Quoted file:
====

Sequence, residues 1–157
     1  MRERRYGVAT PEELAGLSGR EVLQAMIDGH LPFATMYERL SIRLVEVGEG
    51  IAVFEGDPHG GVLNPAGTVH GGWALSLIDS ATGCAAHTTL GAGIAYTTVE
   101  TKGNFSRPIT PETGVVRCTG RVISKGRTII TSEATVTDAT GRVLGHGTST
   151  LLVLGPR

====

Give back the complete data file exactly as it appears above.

Sequence, residues 1–157
     1  MRERRYGVAT PEELAGLSGR EVLQAMIDGH LPFATMYERL SIRLVEVGEG
    51  IAVFEGDPHG GVLNPAGTVH GGWALSLIDS ATGCAAHTTL GAGIAYTTVE
   101  TKGNFSRPIT PETGVVRCTG RVISKGRTII TSEATVTDAT GRVLGHGTST
   151  LLVLGPR